50 years ago, Smith led Miami to first championship


OXFORD, Ohio — Fifty years ago, Bowling Green High School graduate Dennis Smith helped Miami University win its first ever Mid-American Conference baseball championship in 1973.

This weekend, that team is getting together for its 50-year reunion and will be introduced before the Akron-Miami baseball game.

Smith, now 72 years old, grew up near Weston, graduating from BGHS in 1969, and he has remained a lifelong resident of BG ever since. While a Bobcat, he earned All-Ohio honors in 1969.

At Miami on a baseball scholarship, he was named an All-American in 1973 and a three-time first team All-MAC selection (1971, 72, 73). He is the only player in Miami history to be first team All-MAC three times and All-District IV twice (1971, 73).

He is one of only four Miami baseball players to earn All-American status and was inducted into Miami’s Athletic Hall of Fame in 1990. Since he wore No. 22, it seemed appropriate that he was inducted into Miami’s 22nd class.

Smith was MVP and co-captain of that first MAC championship team, which reached No. 14 in the final national rankings.

He led the MAC in hitting and was 12th in the nation, finishing with a career batting average of .342 when the college game used only wood bats, which he believes demonstrated his consistency at the plate.

Upon graduation, he held eight Miami career records and four single season records. Career categories included runs batted in (120), home runs (21), total bases (280), batting average, doubles (32), runs (119), hits (168) and triples (8).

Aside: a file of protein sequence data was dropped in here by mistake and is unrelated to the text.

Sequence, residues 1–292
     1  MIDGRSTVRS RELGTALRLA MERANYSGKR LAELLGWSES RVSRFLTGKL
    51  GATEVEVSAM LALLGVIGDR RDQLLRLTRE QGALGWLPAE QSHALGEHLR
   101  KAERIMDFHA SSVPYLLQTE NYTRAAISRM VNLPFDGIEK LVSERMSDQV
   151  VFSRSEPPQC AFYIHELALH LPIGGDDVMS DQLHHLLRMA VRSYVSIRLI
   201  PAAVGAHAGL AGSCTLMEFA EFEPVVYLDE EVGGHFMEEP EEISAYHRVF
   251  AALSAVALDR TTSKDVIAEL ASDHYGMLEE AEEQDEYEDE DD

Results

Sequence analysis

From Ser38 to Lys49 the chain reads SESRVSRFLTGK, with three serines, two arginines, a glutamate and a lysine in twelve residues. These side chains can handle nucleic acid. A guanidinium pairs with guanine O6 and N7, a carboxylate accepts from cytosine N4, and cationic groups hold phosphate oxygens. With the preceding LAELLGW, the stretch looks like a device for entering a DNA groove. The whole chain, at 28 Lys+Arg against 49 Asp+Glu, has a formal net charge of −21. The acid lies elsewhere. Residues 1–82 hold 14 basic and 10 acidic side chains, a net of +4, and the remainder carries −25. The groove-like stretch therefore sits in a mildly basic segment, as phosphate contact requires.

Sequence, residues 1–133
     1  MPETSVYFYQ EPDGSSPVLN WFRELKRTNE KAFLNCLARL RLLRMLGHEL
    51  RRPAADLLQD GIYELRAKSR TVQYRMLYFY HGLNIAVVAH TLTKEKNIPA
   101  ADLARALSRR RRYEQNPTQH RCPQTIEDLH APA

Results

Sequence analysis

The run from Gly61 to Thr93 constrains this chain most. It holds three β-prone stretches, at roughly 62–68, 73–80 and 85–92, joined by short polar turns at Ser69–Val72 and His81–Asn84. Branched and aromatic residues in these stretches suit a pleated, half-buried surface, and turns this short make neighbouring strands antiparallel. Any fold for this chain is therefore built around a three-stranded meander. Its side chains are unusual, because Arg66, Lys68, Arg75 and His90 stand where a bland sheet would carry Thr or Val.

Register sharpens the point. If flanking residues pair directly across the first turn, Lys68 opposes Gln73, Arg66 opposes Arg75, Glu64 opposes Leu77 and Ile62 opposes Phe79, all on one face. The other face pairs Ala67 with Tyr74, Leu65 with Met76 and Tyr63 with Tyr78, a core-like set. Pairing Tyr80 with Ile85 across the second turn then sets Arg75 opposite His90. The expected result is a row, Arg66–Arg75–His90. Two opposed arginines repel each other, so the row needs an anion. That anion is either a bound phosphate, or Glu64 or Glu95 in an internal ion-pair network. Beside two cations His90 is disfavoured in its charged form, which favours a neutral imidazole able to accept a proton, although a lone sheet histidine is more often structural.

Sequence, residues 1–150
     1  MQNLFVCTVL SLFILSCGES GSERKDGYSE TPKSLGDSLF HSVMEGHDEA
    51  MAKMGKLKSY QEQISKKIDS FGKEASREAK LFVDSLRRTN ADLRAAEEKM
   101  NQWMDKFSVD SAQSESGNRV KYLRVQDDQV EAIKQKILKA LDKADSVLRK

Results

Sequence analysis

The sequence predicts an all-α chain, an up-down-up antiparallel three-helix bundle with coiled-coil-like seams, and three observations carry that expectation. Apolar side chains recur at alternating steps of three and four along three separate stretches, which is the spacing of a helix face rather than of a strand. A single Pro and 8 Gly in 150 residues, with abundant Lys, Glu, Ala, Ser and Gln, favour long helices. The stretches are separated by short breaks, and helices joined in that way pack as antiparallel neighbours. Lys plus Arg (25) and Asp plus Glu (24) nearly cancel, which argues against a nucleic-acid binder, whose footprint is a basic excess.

A right-hander and first baseman, he earned four letters from 1970-73 and helped the Redskins compile a 111-39 record under coach Bud Middaugh, who was inducted into Miami’s Athletic Hall of Fame in 1981.

That .740 winning percentage over the span of four consecutive years is the highest in Miami baseball history. Smith teamed up with a long list of talented ballplayers who helped make that happen.

That team featured the MAC leader in ERA, MAC leader in batting average (Smith), two first team All-MAC selections, four second team All-MAC selections, four future Miami Athletic Hall of Fame inductees, eight players who signed professional contracts, one future Major League Baseball player, and the lowest team ERA (2.07) in program history.

“We were very good, actually,” Smith said. “The Miami program had been down during the 60s, but Bud Middaugh became the coach and turned the program around, starting with 1970.

“Starting in 1970, my freshman year, we went 22-10, and then in ’71 we went 32-10, and then in ’72 we went 30-10, and ’73 we won the first championship (28-9).

“It made it special because it was my senior year, and there were four of us seniors and that was our goal to win a title for Miami, which we did.”

Recruiting All-Ohioans

Smith said part of the reason for the team’s success was Middaugh’s ability to recruit. He was able to bring in four players off the All-Ohio team Smith’s freshman year, including Smith.

“We had Eric Florence, who was my roommate, and he was a catcher and all-state from Waynesville, Ohio, Gary Cooper was all-state for Dayton Belmont, and the fourth one was a fellow named Buddy Bell.

“Buddy attended fall quarter, but he signed with Cleveland and then it’s all history. He had a very successful (Major League) career (spanning 18 years).